NORTH CHARLESTON, SC (WCSC) - A bid by the city of North Charleston to get federal grant money to help fund a railroad project at the old Navy Base was unsuccessful.
North Charleston and its partners for the rail plan, CSX rail lines and Shipyard Creek Associates, a local developer, applied for the US Department of Transportation's Tiger II grant program. The $600 million in federal funding was to be awarded to help build highways, bridges, railroads and ports across the country.
"While we are disappointed, we do look forward to resubmitting the grant at a future date. Our grant application included a collaborative effort among a number of parties to improve a long needed transportation issue in our community. We appreciate all the support we received in the process and look forward to the continued support as we move forward," Mayor Keith Summey said.
"To put the competitiveness of the grant in perspective, of the $19 billion that was requested, only $600 million was awarded, 3.2 percent was awarded," City of North Charleston spokesman Ryan Johnson said.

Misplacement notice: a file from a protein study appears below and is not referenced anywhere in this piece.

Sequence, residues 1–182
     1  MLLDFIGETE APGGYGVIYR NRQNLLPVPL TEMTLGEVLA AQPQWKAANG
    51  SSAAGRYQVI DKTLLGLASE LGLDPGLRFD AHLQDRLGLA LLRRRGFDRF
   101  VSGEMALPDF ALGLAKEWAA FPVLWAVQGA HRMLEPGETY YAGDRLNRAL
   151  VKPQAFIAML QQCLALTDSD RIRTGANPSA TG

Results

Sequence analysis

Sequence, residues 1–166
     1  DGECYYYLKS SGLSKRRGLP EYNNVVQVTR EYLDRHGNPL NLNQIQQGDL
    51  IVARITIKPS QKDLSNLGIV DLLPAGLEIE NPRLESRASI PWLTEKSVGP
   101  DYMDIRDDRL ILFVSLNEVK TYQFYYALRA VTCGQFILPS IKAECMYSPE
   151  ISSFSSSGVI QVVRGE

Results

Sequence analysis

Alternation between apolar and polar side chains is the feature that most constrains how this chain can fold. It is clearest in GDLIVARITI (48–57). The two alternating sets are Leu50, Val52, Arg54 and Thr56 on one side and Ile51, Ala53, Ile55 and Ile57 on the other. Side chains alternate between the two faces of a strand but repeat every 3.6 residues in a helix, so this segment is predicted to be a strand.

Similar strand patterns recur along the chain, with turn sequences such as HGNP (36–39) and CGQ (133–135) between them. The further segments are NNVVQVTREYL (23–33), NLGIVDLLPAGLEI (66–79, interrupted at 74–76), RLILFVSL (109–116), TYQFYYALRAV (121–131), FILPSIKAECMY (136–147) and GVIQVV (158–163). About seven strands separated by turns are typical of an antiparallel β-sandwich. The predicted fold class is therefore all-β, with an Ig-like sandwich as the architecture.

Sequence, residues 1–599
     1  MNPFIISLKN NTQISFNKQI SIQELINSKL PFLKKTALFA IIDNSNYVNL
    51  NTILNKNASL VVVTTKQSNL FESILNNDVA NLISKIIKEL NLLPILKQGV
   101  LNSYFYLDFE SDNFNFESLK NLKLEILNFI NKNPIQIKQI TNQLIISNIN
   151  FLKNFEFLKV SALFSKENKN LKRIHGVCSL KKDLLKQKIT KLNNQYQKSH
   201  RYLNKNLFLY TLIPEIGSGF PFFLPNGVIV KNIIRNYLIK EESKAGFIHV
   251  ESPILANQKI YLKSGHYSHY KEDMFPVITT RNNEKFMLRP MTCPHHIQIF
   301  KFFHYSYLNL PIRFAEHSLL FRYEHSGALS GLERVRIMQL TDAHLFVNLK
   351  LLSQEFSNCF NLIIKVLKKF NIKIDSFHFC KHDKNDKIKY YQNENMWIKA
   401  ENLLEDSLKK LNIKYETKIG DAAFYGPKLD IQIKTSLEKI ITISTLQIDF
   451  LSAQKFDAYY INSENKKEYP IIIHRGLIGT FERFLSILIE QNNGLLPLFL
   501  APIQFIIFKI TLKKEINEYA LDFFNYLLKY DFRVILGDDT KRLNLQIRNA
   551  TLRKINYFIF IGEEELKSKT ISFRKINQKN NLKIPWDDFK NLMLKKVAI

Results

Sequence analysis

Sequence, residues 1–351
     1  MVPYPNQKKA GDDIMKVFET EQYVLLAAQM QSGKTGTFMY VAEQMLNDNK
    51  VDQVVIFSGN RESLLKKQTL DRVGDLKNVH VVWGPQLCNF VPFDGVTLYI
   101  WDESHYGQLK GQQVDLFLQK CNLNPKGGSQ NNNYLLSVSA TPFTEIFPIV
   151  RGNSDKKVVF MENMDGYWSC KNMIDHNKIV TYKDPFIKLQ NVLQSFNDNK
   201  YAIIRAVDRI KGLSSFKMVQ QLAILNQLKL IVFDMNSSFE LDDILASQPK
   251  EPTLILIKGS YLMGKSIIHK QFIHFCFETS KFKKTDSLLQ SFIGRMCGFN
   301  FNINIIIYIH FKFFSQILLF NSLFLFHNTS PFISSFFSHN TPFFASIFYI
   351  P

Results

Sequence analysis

The City's plan is to build new railroads and re-route railroads through the old Navy Base property and build an inter modal rail yard, to help support business for the South Carolina State Ports Authority's new terminal currently under construction in North Charleston.
The SCSPA isn't speaking publicly on the issue, however port officials have signed a "memorandum of understanding" with the City of North Charleston, which is an agreement between the two parties.
State lawmakers on the Review and Oversight Comission of the SCSPA met in September to discuss the future of the rail plan through North Charleston. Rail executives and business leaders with a stake in port activities all spoke at the meeting. Commission chair State Senator Larry Grooms says they plan to release findings from the meeting later this year.
According to the DOT's website, two South Carolina projects got funding from the Tiger II grant. The Broad Street Road Diet received $456,000 and a project to link Greenville's neighborhoods to jobs and open space got $235,000.